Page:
My hair seems to be taking over my life.
I embraced very short hair for a very long time. I loved it - the unique look, the lack of effort to style it, the way I was in The Club with other short-haired women. It took a lot of maintenance (cut & colour appointments more often than I care to admit...) and was expensive (especially when one considered how little hair I was dealing with), but I liked that the look was interesting and set me apart. It was a calling card of sorts; when meeting a new client, for example, I'd tell her to look for "the short blond hair, Annie Lennox-wannabe style", and they always found me.
Then, a couple of months ago, I got really busy. I was happily occupied with many other things, and hair appointments got further and further apart. Before I knew it, my hair was long (okay, not LONG long, but certainly much longer than it had been in years), and, weirdly, curly. I hadn't embraced my curls in many years, and here they were again.
So once it was long(-er) AND curly, the comments started coming in, typically several times a day: "what ARE you doing with your hair? are you growing it? is that your natural curl?" As much as some comments were complimentary, others were almost accusatory, as if I had neglected to fill friends in on my plan to grow out my hair and, thus, hadn't solicited their opinion first. They seemed a little ticked.
It was interesting to me, as I started to realize that many, if not most, of my daily interactions were about my hair. It really did (does) feel that my hair is taking over my life. And I'm well aware of the fact that, over the past few years, I've made some pretty significant changes in my life (inwardly), and it didn't occur to me to ask many people's opinions before I started that journey, either. I wonder if they were ticked.
Change is hard; the very definition of stress is that it is "the body's reaction to change". And when people around us, who have always behaved (or looked) a certain way start to change, things can get weird.
Have you ever changed the rules in a relationship? I know I have: once upon a time, I decided that my marriage needed to be much more open and honest, and nothing (not even my then husband's resistance) was going to stand in my way. Note that I said my "then husband." Yes, lots of people have trouble with change.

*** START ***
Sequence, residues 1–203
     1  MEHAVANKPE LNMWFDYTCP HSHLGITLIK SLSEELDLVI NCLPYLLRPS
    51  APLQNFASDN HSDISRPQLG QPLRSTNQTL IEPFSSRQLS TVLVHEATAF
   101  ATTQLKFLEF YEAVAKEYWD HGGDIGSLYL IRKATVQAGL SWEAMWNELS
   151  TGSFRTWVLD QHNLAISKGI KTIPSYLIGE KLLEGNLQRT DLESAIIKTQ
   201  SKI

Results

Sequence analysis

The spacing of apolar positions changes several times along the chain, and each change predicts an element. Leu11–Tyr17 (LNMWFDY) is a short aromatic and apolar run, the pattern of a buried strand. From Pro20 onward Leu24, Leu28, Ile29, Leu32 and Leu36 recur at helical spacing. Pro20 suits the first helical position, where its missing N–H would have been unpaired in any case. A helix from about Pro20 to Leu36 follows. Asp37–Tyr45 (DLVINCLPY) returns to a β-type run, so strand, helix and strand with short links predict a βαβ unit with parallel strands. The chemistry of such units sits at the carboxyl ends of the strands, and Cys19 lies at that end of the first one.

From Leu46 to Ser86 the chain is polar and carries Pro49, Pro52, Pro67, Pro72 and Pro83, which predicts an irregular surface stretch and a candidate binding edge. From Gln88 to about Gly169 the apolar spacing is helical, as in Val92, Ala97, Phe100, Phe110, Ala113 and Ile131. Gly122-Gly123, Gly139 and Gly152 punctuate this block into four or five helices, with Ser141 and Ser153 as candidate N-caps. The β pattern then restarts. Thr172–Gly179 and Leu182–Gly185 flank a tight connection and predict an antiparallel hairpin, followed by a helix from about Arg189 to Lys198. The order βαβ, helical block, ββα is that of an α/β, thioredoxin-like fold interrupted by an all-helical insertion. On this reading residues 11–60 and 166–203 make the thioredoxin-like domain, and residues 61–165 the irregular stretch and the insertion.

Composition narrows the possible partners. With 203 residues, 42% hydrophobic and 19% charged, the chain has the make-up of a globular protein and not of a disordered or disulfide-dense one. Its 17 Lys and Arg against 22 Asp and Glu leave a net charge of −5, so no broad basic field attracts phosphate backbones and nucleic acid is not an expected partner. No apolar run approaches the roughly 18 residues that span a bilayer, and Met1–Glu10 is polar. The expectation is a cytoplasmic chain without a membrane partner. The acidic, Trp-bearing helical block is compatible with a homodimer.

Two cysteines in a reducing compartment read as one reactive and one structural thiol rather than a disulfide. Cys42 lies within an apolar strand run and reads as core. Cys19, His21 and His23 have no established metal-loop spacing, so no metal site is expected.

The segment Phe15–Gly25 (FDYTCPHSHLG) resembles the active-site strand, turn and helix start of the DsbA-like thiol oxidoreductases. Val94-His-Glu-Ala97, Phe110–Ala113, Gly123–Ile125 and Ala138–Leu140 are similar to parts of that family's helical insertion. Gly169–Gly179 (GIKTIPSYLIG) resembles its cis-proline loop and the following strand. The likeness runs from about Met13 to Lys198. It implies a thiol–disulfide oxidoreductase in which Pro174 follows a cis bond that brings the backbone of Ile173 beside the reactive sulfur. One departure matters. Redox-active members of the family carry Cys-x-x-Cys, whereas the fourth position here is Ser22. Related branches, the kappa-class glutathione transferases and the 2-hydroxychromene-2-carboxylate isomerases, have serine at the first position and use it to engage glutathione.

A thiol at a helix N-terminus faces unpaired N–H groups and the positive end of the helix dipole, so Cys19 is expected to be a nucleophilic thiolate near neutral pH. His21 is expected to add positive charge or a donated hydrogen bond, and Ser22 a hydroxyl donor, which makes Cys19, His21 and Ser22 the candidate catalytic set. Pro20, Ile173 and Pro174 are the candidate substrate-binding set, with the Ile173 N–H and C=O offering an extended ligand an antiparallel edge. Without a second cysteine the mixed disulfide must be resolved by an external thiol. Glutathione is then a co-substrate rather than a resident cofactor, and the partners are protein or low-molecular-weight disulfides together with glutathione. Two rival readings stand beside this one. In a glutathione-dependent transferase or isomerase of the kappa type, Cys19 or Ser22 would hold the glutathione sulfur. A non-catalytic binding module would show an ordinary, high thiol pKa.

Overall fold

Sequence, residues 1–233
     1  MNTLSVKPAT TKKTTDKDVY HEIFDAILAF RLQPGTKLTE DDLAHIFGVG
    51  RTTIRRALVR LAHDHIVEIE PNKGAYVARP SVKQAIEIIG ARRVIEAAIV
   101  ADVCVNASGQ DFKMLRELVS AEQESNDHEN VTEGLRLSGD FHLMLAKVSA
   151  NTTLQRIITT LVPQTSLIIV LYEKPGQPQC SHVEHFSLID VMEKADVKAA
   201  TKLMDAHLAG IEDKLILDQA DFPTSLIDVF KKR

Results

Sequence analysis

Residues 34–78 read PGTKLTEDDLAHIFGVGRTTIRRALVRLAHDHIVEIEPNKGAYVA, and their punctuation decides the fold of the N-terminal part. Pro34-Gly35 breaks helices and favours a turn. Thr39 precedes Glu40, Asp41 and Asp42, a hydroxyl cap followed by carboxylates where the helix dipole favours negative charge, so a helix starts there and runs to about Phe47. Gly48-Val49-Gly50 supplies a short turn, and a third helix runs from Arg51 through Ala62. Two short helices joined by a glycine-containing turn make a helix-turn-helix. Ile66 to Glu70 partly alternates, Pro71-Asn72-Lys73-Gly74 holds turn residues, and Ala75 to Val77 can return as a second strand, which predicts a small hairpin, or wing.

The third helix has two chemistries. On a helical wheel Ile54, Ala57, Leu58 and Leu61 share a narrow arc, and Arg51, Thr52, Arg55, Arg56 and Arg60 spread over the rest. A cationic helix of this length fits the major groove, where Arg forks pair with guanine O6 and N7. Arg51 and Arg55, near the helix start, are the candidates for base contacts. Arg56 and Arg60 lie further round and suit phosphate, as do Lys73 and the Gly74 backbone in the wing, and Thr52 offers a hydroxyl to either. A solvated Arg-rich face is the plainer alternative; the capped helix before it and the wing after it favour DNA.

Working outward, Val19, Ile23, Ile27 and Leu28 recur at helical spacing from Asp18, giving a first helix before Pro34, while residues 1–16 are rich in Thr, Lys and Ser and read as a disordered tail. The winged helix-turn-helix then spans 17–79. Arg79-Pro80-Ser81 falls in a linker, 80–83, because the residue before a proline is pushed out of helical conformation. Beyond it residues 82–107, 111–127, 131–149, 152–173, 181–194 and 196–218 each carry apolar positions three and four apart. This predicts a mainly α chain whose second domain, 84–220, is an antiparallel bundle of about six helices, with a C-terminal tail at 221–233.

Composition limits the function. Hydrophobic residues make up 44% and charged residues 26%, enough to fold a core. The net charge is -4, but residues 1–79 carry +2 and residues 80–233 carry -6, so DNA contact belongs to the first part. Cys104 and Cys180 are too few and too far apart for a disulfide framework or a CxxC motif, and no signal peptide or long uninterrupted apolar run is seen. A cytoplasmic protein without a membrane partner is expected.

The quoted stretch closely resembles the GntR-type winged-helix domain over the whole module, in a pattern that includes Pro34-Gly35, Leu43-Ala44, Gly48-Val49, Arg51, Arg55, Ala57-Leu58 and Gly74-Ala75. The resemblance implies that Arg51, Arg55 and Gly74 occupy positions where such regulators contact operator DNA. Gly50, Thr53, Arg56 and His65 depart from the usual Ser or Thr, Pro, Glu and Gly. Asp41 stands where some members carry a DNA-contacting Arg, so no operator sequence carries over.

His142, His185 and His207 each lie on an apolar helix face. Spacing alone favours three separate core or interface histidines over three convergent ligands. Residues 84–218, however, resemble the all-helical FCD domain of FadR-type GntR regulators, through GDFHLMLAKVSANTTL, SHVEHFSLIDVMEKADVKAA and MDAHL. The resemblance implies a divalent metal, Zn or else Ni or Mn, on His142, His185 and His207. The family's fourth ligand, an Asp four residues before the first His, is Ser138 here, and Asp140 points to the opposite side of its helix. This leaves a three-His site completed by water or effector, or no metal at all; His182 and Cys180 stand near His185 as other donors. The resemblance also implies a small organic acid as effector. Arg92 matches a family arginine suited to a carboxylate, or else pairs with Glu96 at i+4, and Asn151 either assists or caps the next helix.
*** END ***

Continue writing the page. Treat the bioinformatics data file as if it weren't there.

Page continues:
What many of us might not realize, because we are inherently narcissistic beings, is that other people's changes really aren't about us. My decision to take a new path in my life, while perhaps making a few close to me kind of uncomfortable in the process, wasn't intended to do anything but take me on a new path. I have embraced my own journey, and it's made me more open-minded about others launching on their own journeys. Excited for them, even, because I know that change almost always is a good thing, once we get used to it.
Here's a cool thing: when we seek a new path, we end up finding like-minded people along the way. This doesn't necessarily mean we say good-bye to those who we were hanging out with before; we're just drawn to those who are on a similar journey. In some cases, we start to emulate their behaviours and perspectives, when they mesh with our (perhaps) new-found philosophies. In a similar, if more superficial, way, I found my curlier hair reminded me of the hair two of my cousins have -- both women I adore and would love to emulate in many ways. How fun, that my own hair now reminds me of them.
Unlike my decision to take a new path in life, my new hair growth wasn't actually intentional; like I said, it was the result of skipping appointments and that's it, but now that it's here, I'm okay with it, and I'll take the comments but not seek them out. Others' opinions are fine, but they don't define. My hair or my life.
Life Coach, Yogi & lover of Meditation, mother, wife, friend, sister, daughter, cookie baker, seeker of truth & laugher, volunteer. Passionate about women's stories and the women who share them.